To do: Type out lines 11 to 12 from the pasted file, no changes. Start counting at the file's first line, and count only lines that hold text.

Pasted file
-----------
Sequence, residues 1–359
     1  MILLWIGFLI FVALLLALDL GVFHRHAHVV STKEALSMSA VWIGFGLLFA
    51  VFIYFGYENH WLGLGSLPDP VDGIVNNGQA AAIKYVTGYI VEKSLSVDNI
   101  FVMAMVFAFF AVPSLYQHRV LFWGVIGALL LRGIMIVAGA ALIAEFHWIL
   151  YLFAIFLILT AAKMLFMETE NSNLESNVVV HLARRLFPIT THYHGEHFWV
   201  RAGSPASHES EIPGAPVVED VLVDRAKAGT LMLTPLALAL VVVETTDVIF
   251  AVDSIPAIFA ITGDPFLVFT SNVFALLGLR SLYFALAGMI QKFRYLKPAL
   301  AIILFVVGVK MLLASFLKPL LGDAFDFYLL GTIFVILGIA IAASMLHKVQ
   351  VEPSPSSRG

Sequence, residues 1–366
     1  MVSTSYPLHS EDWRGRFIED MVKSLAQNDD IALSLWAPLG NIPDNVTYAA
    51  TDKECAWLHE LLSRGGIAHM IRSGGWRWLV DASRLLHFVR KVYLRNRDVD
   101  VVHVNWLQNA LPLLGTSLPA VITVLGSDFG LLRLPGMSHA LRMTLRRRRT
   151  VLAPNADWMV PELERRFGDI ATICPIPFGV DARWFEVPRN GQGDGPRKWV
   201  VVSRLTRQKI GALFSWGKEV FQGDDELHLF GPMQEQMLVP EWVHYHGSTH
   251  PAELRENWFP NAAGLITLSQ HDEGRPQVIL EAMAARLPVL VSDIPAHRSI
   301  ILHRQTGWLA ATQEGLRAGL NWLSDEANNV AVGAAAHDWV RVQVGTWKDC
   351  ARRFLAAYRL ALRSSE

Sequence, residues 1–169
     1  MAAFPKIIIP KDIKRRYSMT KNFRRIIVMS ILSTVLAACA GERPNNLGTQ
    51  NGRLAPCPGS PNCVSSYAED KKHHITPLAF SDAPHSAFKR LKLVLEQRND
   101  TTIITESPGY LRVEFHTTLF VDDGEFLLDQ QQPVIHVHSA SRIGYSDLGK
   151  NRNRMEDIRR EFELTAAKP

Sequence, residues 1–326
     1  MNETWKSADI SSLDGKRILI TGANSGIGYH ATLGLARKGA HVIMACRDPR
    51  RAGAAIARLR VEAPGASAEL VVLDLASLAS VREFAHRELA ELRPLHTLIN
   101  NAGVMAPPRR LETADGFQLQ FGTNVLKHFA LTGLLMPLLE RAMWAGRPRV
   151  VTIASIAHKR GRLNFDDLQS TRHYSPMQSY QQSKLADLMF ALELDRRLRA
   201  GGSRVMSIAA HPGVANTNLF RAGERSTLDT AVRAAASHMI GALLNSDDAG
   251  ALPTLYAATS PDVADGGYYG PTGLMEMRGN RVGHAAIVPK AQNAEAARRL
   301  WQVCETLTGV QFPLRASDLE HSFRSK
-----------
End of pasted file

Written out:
     1  MVSTSYPLHS EDWRGRFIED MVKSLAQNDD IALSLWAPLG NIPDNVTYAA
    51  TDKECAWLHE LLSRGGIAHM IRSGGWRWLV DASRLLHFVR KVYLRNRDVD